Someone else's crisis

A unique experience for a Liberal Democrat Conference in recent years, another party is having the l

The first morning of Conference has a reassuring air about it. I had arrived the previous night after struggling through flash floods and rush hour traffic. This morning the sun was shining and all seemed right with the world.

Better still, and this is a unique experience for a Liberal Democrat Conference in recent years, another party was having a leadership crisis, not us. What will the media talk about now? Nick Clegg is secure in his office with the support of the party and nobody is taking out nomination papers to oppose him.

This year Liberal Democrat Conference has started a day early in an effort to make it more accessible to those who cannot get time off from their jobs. The first big debate therefore took place on the Saturday afternoon at which representatives discussed a wide range of radical initiatives to give UK Citizens a voice in Parliament.

Proposed measures include a more efficacious system of petitioning MPs and People’s Bills, whereby the six legislative proposals that receive the most petition signatures from registered voters in any given year would be guaranteed a second reading debate in the House of Commons. Proposals to give people the opportunity to veto unpopular Acts of Parliament through a referendum were rejected. Representatives were concerned that allowing people to trigger a plebiscite gathering one million signatures in 60 days would be open to abuse and would undermine the sovereignty of Parliament.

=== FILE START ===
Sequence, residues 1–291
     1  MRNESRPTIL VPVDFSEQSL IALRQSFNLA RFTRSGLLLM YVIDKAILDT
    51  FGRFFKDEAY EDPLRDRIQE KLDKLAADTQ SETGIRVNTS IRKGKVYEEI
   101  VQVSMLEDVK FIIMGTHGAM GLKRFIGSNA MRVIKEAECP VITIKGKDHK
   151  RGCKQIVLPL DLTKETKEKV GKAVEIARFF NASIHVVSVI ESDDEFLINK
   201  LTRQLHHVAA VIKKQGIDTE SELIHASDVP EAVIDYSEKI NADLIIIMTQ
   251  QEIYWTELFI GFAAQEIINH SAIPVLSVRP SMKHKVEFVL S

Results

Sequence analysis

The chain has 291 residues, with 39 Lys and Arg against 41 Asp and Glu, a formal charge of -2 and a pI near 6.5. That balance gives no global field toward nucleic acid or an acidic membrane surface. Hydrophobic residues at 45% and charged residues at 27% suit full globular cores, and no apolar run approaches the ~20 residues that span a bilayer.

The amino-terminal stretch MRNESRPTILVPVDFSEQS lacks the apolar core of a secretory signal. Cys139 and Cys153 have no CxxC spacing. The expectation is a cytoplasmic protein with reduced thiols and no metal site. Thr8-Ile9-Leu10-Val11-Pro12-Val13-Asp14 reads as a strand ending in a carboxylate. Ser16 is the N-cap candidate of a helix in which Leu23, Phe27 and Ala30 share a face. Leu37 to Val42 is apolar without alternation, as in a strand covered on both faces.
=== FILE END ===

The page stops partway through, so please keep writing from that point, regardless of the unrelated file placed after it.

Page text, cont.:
With Lembit Opik MP and Baroness Ros Scott lobbying behind the scenes for their respective Party Presidential campaigns I spent Saturday dodging canvassers for the respective camps before doing what Liberal Democrats like to do best. OK, it might take second place behind socialising in bars. I spoke at a fringe meeting on electoral reform.

At present the Welsh Assembly does not have the power to change the way that local Councils are elected. I tried to put that right through a private members bill only to see it voted down by Labour AMs. I am not giving up.

And then it was onto the blog awards. I was shortlisted for Best blog by a Liberal Democrat holding public office, the Tim Garden Award for short. It is the third successive year that I have been shortlisted for this award and was stunned to win it this year.